Firefighting crews, with air support from helicopters, air tankers and slurry bombers, were fighting valiantly to save homes in the Elk Springs Ranch subdivision on the top of Mancos Hill Saturday afternoon as well as structures in Weber Canyon, south of Mancos, where the fire originated.

“We have brought a lot of resources in here,” said Incident Commander Craig Goodell, fire mitigation and education specialist with the Forest Service. “We have half of the large air tanker fleet in the nation working this fire. This is a high priority.”[…]

“It will get bigger in the next several days,” he said. “We will continue to see it grow and we are just going to try and keep it to the east of Weber Canyon, to the south of U.S. Highway 160 and to the west of Cherry Creek Road. If we can do that in the next few days, we will consider it a success.”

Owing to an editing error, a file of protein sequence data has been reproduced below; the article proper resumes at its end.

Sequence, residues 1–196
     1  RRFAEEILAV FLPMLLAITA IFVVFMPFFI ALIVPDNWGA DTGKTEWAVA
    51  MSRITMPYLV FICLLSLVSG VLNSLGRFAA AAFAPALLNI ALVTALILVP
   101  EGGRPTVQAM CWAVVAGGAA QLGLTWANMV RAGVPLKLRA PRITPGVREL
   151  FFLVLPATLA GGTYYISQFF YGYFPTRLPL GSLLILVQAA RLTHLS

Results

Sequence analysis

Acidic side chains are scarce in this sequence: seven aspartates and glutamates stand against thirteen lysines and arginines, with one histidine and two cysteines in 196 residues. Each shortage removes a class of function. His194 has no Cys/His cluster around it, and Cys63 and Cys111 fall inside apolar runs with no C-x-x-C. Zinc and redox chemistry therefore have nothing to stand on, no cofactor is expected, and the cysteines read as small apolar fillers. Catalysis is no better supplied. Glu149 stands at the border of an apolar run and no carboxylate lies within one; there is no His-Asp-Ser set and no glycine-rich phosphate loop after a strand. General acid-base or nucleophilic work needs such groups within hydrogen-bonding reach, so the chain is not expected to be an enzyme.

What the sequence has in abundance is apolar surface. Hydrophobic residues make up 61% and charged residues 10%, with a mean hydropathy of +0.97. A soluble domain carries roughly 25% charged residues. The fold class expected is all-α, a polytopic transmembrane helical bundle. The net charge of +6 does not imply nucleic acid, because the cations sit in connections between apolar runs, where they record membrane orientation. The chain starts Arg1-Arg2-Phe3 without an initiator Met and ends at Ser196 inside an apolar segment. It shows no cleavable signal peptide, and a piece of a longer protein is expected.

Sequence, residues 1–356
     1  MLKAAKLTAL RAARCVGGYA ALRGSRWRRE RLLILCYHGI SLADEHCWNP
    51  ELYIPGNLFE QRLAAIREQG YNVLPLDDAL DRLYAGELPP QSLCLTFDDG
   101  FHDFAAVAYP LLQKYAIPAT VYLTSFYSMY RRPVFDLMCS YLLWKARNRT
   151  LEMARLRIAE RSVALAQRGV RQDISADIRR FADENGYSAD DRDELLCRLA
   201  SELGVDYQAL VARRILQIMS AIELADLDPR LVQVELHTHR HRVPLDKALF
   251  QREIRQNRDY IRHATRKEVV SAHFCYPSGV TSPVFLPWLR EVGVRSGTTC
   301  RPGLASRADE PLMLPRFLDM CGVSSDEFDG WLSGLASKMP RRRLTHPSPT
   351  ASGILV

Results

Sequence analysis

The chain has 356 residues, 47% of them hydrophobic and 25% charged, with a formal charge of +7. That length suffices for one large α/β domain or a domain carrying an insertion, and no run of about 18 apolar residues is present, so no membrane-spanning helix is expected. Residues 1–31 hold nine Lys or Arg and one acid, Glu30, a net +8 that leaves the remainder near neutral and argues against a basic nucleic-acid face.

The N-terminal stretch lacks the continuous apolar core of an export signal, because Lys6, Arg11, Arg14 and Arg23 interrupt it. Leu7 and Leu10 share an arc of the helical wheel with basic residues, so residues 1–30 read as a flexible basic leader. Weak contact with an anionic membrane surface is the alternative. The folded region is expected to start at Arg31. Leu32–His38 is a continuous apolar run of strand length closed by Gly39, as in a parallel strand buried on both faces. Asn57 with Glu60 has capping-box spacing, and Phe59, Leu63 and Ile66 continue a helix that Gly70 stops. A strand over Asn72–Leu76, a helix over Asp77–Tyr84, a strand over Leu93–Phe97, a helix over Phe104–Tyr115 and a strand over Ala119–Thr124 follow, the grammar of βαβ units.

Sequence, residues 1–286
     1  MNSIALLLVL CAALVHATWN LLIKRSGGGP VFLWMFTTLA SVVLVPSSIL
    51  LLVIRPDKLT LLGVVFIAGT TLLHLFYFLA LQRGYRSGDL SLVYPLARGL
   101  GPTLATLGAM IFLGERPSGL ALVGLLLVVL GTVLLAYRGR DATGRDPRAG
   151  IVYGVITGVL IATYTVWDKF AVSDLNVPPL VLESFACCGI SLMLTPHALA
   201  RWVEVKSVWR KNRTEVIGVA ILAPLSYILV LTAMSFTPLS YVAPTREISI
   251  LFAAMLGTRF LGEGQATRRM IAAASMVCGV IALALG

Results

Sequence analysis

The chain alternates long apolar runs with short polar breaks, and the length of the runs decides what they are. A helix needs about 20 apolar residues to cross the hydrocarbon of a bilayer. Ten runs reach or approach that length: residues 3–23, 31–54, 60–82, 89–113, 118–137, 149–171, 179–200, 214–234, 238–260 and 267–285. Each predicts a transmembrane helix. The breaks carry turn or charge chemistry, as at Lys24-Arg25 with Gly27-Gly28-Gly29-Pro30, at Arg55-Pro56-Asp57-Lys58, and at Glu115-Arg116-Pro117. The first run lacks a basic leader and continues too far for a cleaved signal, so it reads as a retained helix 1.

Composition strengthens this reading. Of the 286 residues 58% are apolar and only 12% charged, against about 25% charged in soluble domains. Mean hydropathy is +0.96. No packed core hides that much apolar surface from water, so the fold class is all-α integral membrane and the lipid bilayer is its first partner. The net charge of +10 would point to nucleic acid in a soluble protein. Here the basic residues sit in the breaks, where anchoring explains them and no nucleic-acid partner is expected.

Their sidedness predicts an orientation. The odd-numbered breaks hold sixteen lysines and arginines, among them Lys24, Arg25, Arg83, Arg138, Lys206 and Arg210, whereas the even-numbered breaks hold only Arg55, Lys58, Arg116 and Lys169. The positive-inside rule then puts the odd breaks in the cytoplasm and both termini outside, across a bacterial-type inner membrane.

Information on the fire is available at 970-564-4999 and at www.inciweb.org.

From the Fort Collins Coloradoan (Bobby Magill):

As the High Park Fire exploded to 81,190 acres Saturday, becoming the second-largest wildfire in Colorado’s recorded history, firefighters made progress in protecting unburned areas in Rist and Redstone canyons despite extremely dry and hot conditions.

That progress came a day after a spot fire traveled through Glacier View Meadows’ 12th filing on Friday, burning an unknown number of homes.

Larimer County under-Sheriff Bill Nelson told evacuees Saturday evening that the spot fire did not spread during the day and filings 9, 10 and 11 remained unburned. And, he said, the High Park Fire did not claim any more homes on Saturday.

From The Denver Post (Jeremy P. Meyer) via the Loveland Reporter-Herald:

On the hottest day of the year so far, wildfires erupted throughout Colorado on Saturday, producing fast-moving blazes that burned down homes in Estes Park, forced evacuations in Colorado Springs and shut down state highways in southern Colorado. Firefighting officials are girding for more of the same as a hot and dry weather pattern probably won’t lift until midweek…